• Discover work by world-class artists at The Photographers’ Gallery © Dennis Gilbert.

    Photo finish

    The six-floor Soho gallery is open daily from 10:00 to 18:00 – and stays open until 20:00 on Thursdays. Free entry before midday. Nearest Tube: Oxford Circus.

Take cover at an indoor market

Alfie’s Antiques Market in Marylebone is the place to trawl for vintage fashion and 20th-century home décor, and Old Spitalfields Market offers arts, crafts, and collectibles. Refuel at Borough Market aka ‘London’s Larder’ and Brixton Village Market – gourmet burger joints, Swiss raclette stalls, craft beer on tap… you’ll forget the inclement weather in a trice.

Discover London's best food markets

Score a turkey

With their retro ambience and live music - not to mention decent diner-style grub and licenced bars selling cocktails and shakes - the city’s boutique bowling lanes are an ideal place to shelter. Try Bloomsbury Bowling Lanes or All Star Lanes, which has four venues in town – all you need do is practise bowling that perfect strike. Booking is essential.

  • Afternoon tea at Claridge’s, a time-tested treat for Londoners.

    Did You Know…?

    In 1945, suite 212 at Claridge’s was officially declared Yugoslavian territory at the request of Winston Churchill so that Crown Prince Alexander II could be born ‘in his own country’.

Get the picture

Tucked behind Oxford Street, The Photographers’ Gallery comprises six floors dedicated to work by world-class artists and graduates alike. The exhibitions are consistently engaging, there’s a cafe – serving delicious coffee­, a print sales gallery and a superlative bookshop. What more could you ask for? Tip: it’s free admission before noon every day.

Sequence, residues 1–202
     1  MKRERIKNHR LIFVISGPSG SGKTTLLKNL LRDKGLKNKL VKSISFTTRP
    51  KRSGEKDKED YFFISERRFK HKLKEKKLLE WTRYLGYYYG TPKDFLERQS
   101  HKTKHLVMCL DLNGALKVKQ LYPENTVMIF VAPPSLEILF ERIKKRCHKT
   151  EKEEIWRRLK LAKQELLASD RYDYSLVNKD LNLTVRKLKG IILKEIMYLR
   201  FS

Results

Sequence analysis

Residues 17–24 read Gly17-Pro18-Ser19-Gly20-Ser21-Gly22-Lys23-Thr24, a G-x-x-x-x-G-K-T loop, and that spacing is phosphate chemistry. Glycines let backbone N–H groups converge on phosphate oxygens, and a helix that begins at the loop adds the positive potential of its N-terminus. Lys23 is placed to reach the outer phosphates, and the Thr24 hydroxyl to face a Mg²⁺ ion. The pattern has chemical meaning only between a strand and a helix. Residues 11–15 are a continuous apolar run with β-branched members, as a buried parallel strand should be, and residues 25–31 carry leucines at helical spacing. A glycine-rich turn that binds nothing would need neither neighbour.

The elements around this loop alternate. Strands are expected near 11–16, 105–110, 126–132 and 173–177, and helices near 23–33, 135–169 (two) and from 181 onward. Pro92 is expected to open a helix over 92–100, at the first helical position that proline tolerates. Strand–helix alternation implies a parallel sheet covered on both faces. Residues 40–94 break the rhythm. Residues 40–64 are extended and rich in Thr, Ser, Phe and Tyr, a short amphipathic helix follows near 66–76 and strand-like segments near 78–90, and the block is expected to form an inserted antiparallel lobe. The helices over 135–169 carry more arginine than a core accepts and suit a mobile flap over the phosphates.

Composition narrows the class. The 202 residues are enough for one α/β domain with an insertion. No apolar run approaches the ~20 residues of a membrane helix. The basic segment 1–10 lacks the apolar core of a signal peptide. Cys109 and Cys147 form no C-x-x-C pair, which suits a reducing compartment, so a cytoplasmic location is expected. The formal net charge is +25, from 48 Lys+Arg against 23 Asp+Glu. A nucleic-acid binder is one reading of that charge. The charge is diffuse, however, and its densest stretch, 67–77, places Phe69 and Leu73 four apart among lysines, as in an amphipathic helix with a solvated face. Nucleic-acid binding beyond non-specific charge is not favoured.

Take afternoon tea

Nowhere does afternoon tea better than London. From the traditional – a cuppa and a tier of finger sandwiches, scones and pretty cakes – at the SavoyFortnum & Mason, and Claridge’s to the more avant-garde – try tea with a Basque twist at COMO The Halkin, or TING on the 35th floor of the Shard, which serves up an Asian-inspired tea alongside stunning views – it’s the perfect way to while away a rainy afternoon.

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Cruise the canals

Just because the day is a washout, doesn’t mean you can’t be on the water. Explore London’s waterways and canals in an original narrowboat (don’t worry, they’re covered) with The London Waterbus Company. Hop on at Little Venice and meander along Regent’s Canal, admiring the pretty painted barges along the way, before disembarking at either London Zoo or Camden Lock.

Go metal detecting

The London Silver Vaults first opened on Chancery Lane in 1876 and now house a mightily impressive commercial collection of fine antique silver – the world’s largest, in fact. You’ll get a little frisson of excitement as you step through the huge safe doors into this subterranean warren of silverware shops (the vaults are 40-feet underground), where you’ll find everything from rare 16th-century pieces to examples of today’s best modern work.